Reading About Writing

Reading is important. It’s therapeutic. It’s how you learn that you can disregard almost all those arbitrary rules you had to follow in English class.

Ah, the warm embrace of freedom.

But there’s something funny about reading a book about writing (and there’s something meta about writing a book about writing). Every writing book preaches creating something that engages an audience, while they themselves are not all that engaging. So I thought I’d share a few of the books that I’ve found most useful:

  • The Copywriter’s Handbook – First published in 1985, the Book of Bly covers copywriting best practices across all media. Sometimes it feels a little dated, or maybe too Old Guard, but there isn’t a more comprehensive guide to copy on the market.

    Plus, it really outlines all the rules I want to break.

  • The Accidental Creative: How to Be Brilliant at a Moment’s Notice  – Written by Todd Henry, host of The Accidental Creative podcast, this book’s goal is to keep you fresh and insightful, helping you achieve sustained creativity.

    No matter what your job description is, if you develop your Creative Rhythm, you’ll feel the benefits of on-demand creativity.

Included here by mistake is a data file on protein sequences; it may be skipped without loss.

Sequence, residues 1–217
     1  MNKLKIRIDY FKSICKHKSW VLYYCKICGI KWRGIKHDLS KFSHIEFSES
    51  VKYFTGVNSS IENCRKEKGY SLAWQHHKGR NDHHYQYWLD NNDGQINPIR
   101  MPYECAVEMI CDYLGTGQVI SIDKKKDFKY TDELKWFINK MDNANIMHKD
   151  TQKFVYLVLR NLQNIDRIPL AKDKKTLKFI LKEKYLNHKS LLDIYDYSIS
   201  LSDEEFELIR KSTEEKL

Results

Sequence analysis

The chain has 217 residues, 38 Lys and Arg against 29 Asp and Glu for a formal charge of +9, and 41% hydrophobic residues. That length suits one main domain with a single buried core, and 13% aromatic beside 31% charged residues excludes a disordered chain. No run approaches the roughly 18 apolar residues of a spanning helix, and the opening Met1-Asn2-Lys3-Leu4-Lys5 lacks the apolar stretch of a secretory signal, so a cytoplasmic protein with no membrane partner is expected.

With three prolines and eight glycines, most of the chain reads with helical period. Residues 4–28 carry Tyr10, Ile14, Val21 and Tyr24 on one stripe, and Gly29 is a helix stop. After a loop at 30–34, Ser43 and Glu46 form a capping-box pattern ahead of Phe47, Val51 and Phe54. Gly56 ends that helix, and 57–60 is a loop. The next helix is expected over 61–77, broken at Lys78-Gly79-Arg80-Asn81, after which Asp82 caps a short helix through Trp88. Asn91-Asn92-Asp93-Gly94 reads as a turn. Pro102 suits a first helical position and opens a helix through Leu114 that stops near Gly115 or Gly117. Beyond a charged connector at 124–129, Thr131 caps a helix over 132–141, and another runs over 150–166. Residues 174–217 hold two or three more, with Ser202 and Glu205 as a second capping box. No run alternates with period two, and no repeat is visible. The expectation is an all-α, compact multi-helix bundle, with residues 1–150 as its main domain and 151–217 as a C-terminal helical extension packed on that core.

• Zig Zag: The Surprising Path to Greater Creativity – This book is like creative bootcamp, or if you’re feeling burnt out, creative rehab. It was written by Dr. Keith Sawyer, who is a doctor, so he’s smart.

    Zig Zag defines eight steps to creative problem solving. It has you take a Personal Creativity Assessment which helps identify which steps you might want to focus on.

These are the three books that occupy my creative “Break Out In Case of Emergency” box. What’s in yours?

My cat, Picard, likes to get in on the reading, too.
Photo of Ryan's cat, Picard, with a book

  • Carey Jernigan

    You may be interested to know that Ryan gave me “The Official Dictionary of SARCASM for Christmas. Author: Napoli

    • Ryan Gast

      James Napoli is actually my pen name. I wrote the book on sarcasm.

  • There is one book everyone who writes sales copy should read: Tom Sant’s The Language of Success.

    Unlike most books on how to write well, Tom doesn’t focus on rules, grammar or sentence structure – at first.

    Rather, Tom points out that the form of the message is the most important thing to get right -before you start re-writing your sentences.

    The form for persuading is different from the form for informing, again different from the form for inspiring.

    Great handbook.

    • Ryan Gast

      Sounds like an interesting read. There can never been enough books about concise messaging. I feel like too many Marketing books contain fluff, rather than cut through it.

      Thanks for the suggestion, I can’t wait to check it out.